Published on July 11th, 2020 |
by Zachary Shahan
July 11th, 2020 by Zachary Shahan
Tesla has dropped the price of the Model Y by a few thousand dollars, with the starting price now at $49,990*. Meanwhile, the Performance trim is down to $59,990 and has more features included by default as well as 11 miles more range.
$50,000 is a lot of money for a vehicle (unless you’re rich enough that it’s not), but what’s most notable with the Model Y is how much better it is than anything else in its class with regards to performance (both its 0–60 mph time or 0–30 mph time and its handling), infotainment (Tesla’s infotainment system is second to none, and it’s not even close), driver-assist features (Tesla Autopilot is second to none, and it’s not even close), and cost of operation.
This Model Y price drop provides an opportunity to get to something I haven’t done yet — cost of ownership analyses for the Model Y compared to its closest competitors (even though, as I noted above, there really are no close competitors on the market right now).
To start with, here’s a look at 5-year cost of ownership forecasts for the Tesla Model Y versus the Lexus RX:
As always, assumptions are a big deal in a cost of ownership analysis. People have widely different lifestyles and prices of several inputs vary by region. Furthermore, you may have a different estimate of what you expect in the next 5 years with regards to gas prices, your personal electricity/charging prices, the resale values of these SUVs, and maintenance costs. As always, I encourage you to steal my sheet (copy it) and put in the numbers that fit best for your life and your expectations about the future.
According to my best guess on some averages, the Tesla Model Y Long Range is absurdly cheaper than the Lexus RX and even the Model Y Performance is cheaper — despite having more cargo capacity, better acceleration, a better passenger experience, better infotainment, and greater safety. Why would anyone buy a new Lexus RX in 2020? I have no clue. Actually, I take that back — people still buy this and other models because of inertia. Most people have never sat in a Tesla. Most people have never driven a Tesla. Most people have never compared the specs and costs of a Tesla Model Y and a Lexus RX. They go back to Lexus because they’re familiar with Lexus. They have a notion in their heads about Lexus being a great brand that they acquired years ago, without the taste of Tesla to put it in context. Now, as for anyone who goes and test drives a Tesla Model Y and a Lexus RX and chooses a Lexus RX — that person, if they exist, baffles me.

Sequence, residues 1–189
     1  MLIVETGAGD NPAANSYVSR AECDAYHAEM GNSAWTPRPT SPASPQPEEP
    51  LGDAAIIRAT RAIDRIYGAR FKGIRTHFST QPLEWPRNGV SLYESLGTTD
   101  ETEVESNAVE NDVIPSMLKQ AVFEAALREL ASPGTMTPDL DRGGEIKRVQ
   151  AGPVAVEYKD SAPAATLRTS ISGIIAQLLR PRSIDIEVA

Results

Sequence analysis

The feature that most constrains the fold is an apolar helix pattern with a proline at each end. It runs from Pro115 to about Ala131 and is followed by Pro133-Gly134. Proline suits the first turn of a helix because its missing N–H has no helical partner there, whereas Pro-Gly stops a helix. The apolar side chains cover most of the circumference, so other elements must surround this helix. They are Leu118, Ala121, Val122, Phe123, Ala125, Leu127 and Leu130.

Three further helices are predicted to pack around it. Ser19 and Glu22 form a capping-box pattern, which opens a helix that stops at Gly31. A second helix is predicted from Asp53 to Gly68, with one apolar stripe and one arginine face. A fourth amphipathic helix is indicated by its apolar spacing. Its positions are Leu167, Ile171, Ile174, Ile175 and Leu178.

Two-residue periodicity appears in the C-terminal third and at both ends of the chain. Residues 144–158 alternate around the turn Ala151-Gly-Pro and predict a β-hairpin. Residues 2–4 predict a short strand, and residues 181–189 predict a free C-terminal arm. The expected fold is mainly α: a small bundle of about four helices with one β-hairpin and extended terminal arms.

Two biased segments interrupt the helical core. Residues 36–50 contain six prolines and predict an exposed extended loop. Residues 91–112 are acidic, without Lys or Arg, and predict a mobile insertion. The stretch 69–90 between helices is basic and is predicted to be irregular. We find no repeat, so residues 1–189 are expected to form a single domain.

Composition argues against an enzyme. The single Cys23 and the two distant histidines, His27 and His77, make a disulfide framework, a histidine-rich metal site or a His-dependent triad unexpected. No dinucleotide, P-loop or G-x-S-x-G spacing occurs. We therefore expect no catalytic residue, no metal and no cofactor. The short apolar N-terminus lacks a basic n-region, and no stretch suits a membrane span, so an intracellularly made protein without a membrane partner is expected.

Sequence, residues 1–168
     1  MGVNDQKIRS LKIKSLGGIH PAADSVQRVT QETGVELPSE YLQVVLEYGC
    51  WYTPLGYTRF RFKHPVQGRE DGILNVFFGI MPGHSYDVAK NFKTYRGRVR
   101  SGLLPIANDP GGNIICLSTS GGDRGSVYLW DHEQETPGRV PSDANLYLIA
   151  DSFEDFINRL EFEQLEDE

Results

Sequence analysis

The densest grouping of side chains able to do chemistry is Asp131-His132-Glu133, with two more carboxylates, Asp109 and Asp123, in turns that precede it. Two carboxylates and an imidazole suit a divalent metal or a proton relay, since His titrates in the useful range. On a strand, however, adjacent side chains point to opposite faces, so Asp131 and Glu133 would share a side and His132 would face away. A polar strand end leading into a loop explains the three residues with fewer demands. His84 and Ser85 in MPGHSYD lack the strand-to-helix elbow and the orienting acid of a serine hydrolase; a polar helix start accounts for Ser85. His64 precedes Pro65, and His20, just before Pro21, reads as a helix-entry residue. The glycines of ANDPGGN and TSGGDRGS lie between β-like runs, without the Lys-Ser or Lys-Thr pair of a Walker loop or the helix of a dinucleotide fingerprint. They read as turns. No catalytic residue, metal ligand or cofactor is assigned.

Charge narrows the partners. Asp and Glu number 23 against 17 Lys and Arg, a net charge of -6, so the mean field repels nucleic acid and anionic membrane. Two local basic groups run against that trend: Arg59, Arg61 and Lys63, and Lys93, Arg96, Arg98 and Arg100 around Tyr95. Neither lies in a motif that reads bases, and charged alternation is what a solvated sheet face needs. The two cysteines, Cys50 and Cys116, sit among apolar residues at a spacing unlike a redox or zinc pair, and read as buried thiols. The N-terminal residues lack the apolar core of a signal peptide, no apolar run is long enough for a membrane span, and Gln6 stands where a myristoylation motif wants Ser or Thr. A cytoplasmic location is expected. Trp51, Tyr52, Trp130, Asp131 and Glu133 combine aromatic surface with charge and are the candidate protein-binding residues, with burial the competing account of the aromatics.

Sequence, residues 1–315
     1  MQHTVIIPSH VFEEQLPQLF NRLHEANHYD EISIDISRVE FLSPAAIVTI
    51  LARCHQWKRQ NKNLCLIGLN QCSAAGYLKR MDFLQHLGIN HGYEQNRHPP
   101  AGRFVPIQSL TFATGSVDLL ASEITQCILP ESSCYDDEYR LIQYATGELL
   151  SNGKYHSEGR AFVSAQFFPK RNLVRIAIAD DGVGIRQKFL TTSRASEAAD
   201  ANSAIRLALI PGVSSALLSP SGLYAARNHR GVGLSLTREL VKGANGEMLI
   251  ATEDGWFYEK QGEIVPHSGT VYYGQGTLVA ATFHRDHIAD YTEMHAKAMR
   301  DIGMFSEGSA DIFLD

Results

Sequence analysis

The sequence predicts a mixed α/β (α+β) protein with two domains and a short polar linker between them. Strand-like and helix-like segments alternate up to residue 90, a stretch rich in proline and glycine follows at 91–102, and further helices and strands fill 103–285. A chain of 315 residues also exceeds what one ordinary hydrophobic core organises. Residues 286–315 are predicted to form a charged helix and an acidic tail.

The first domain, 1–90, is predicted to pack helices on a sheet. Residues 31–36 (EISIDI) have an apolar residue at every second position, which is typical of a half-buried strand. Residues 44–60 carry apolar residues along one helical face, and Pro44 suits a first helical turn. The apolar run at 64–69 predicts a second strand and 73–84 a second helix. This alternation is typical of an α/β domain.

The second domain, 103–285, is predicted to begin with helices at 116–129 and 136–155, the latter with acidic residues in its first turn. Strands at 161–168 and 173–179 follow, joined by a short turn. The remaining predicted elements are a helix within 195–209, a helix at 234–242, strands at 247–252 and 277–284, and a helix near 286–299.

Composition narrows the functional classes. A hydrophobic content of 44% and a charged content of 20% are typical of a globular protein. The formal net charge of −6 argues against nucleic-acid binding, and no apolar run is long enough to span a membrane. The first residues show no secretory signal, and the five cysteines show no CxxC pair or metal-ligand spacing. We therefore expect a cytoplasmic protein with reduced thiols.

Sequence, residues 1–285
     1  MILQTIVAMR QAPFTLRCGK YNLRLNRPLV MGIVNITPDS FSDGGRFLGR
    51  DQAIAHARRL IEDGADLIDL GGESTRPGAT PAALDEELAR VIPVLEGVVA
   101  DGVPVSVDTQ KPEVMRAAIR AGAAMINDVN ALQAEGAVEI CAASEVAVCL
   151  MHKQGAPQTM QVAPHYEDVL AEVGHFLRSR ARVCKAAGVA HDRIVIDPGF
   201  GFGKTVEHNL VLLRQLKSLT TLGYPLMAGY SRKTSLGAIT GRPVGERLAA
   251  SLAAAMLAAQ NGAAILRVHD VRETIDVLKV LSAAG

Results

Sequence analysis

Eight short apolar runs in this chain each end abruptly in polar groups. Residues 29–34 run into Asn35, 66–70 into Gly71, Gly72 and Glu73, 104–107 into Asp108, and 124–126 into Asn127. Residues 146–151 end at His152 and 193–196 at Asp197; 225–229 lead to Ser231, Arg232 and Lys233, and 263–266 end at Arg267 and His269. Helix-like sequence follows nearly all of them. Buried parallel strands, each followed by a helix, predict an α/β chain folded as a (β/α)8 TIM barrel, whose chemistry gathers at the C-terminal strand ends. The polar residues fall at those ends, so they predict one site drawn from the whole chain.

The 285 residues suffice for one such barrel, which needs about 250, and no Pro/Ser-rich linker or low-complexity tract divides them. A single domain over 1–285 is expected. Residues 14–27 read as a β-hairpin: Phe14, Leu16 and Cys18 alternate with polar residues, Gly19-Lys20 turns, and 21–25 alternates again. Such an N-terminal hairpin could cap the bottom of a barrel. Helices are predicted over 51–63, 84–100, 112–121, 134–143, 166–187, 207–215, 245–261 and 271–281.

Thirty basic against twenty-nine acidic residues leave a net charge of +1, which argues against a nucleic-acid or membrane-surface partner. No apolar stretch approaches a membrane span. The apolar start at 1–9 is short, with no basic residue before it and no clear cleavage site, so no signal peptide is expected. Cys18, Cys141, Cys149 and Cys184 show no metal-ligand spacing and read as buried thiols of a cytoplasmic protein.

As a final note, keep in mind that Tesla still isn’t selling the lowest cost version of the Model Y, the Model Y Standard Range Plus, which may start around $40,000 once available. Ooo, baby!
Standard Range+ — $38,000
Long Range — $47,000
Performance — $55,000
Standard Range+ — $40,000
Long Range — $50,000
Performance — $60,000
— Whole Mars Catalog (@WholeMarsBlog) July 11, 2020
*Interestingly, I think it’s worth noting finally that someone got a hold of CEO Elon Musk at some point and made him change his policy on pricing. He used to prefer rounding the price up or down to the closest thousand or at least even hundred, and noted at least once that he found pricing like this annoying. I agree — just make the price an even $50,000. Though, dropping $10 off the price somehow moves minds — everyone knows it, but it still works — and sometime back Tesla decided to play the game and do pricing like $49,990. Frankly, perhaps more than anything else, this makes me think that even Tesla gets concerned about demand to some degree. Dropping the price by $3,000 passes along the same implication.
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